Fokke Obbema, a Beijing-based correspondent for one of the main Dutch dailies, de Volkskrant, hopes his new book China and Europe: where two worlds meet will create greater understanding. But Obbema emphasises that he doesn’t want to make excuses for China.
by John-Boy Vossen
“I’m not trying to gloss over the country’s authoritarian political system or the human rights violations”, explains Obbema. “I want to show what China stands for and the country’s role. I want to present as realistic a picture of the country as possible by presenting the facts as objectively as possible.”
In his book, he examines China’s allegedly increasing influence in Europe. Journalists often warn about this “yellow peril”, he says, but the figures show a different picture. In 2011 and the first half of 2012, China invested four billion euros in Europe. That’s considerably less than US investments in Europe or amongst members of the European Union themselves.
Obbema also discusses censorship in China. “Various people I spoke to”, he explains, “told me that Chinese journalists and scientists enjoy greater freedom today, despite all the censorship. When I started looking in the Western media for articles about this, I discovered that little or nothing had been published on the subject.”
Fear of China
The author believes the reason for this contradiction lies in the fact that many newsrooms only want stories in which journalists emphasise this fear of China. “A good example was an article I wrote about Chinese buying wine estates in the Bordeaux region. British and American media reported that the region’s world famous wine production was going to fall into Chinese hands.”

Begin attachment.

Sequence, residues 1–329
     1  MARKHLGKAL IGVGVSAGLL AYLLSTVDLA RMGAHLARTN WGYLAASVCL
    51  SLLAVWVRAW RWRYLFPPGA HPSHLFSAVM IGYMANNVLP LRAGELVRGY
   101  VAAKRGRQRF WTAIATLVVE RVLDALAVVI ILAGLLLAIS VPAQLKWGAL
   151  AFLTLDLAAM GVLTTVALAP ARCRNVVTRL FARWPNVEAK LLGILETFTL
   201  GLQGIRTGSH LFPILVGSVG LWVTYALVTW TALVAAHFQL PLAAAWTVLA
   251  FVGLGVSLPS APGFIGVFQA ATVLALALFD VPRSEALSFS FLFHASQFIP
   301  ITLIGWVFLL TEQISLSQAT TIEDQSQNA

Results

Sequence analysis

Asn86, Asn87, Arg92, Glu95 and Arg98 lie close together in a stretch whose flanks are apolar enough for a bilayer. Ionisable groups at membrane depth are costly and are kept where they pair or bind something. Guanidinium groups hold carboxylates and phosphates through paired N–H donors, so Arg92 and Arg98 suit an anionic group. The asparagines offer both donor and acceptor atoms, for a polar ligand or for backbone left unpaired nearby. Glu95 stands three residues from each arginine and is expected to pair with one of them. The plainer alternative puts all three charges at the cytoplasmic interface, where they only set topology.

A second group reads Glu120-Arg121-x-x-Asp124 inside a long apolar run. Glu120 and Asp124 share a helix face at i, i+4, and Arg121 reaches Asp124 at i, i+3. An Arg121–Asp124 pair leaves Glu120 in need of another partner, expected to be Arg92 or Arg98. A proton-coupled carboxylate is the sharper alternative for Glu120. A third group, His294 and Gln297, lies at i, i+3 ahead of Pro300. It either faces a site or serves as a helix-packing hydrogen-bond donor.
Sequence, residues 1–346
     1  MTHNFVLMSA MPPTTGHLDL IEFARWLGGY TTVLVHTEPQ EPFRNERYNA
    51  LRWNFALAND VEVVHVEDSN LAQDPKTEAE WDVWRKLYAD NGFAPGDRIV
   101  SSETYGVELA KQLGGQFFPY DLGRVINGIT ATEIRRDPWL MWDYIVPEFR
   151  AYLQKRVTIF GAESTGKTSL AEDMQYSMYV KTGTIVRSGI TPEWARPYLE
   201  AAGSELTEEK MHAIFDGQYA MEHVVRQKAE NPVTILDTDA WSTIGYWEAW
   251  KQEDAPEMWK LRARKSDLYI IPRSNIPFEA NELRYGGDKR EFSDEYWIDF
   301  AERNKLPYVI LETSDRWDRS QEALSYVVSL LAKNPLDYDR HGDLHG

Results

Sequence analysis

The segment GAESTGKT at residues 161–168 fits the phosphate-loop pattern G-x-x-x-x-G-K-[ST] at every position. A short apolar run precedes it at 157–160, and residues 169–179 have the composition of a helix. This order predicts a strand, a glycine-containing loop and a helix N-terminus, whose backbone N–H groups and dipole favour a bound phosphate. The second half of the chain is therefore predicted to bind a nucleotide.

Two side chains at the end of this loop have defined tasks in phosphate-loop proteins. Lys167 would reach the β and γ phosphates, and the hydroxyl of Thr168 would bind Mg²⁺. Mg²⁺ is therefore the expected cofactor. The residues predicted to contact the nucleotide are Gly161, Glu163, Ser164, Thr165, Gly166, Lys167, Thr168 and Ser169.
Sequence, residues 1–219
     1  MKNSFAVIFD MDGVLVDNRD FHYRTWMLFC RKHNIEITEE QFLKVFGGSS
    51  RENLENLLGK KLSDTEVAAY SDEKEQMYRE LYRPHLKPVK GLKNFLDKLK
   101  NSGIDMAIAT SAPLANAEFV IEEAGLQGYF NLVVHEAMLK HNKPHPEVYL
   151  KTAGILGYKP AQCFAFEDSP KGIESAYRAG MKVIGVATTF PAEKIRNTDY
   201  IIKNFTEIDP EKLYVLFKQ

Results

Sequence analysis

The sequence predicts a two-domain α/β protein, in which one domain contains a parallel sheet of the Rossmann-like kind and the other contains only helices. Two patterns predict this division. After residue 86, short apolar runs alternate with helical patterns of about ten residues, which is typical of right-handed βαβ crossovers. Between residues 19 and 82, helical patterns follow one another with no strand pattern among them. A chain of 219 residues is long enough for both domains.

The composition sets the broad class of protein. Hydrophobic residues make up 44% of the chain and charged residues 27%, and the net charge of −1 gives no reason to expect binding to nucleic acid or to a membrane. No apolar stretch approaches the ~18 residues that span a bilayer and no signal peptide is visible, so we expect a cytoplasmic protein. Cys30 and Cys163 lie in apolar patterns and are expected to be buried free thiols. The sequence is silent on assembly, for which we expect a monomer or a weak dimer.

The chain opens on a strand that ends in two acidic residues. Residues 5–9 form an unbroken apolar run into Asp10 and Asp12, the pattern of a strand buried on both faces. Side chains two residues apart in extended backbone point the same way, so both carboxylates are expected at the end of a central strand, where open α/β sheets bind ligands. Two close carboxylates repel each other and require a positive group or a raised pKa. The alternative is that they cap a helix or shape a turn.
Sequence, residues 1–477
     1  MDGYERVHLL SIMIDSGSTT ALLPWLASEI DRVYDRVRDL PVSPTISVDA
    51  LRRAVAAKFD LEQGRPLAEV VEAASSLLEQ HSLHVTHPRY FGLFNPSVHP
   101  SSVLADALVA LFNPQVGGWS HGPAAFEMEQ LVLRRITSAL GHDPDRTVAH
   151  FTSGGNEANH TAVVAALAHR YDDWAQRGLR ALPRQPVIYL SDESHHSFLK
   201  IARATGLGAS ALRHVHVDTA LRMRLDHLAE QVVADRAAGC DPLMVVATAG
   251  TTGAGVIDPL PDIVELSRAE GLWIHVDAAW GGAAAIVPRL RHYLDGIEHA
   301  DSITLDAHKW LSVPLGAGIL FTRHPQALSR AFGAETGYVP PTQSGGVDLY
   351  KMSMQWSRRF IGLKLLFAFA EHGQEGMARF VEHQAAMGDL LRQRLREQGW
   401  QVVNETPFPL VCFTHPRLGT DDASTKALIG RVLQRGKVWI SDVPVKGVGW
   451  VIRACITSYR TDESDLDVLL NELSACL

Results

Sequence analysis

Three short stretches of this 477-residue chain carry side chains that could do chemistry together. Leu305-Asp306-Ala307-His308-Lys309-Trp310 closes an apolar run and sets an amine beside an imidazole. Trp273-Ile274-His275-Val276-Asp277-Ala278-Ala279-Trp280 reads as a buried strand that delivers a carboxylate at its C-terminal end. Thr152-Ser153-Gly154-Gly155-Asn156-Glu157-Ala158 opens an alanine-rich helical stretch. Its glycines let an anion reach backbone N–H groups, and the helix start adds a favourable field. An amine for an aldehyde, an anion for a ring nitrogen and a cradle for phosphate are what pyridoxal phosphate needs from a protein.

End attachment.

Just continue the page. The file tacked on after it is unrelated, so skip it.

“When I went there, I discovered that of the 11,000 wine estates, the Chinese had purchased only six relatively unknown ones. I quoted a grumbling farmer as well as two experts who were positive about the investment. The sub-editor chose the farmer’s quote as the headline because otherwise I had ‘no story’.”
According to Obbema, reporters believe they know what readers want and so they play up these feelings of fear. “China obviously provides sufficient cause for this. But I think the country’s image has become too distorted. China can be criticised on many different levels. But if we only focus on the negative aspects, then we are going too far.”
The author hopes his book will create awareness and reduce one-sided reporting. “I think that readers want balanced articles. Journalists need to understand that and think about how they can provide better reporting.”
Obbema believes it will take time for this awareness to take root: “I think newspapers are likely to continue playing up the feelings of fear, in part because of adverse social developments, such as the economic crisis. This increases fear among people, and the media are jumping on that bandwagon.”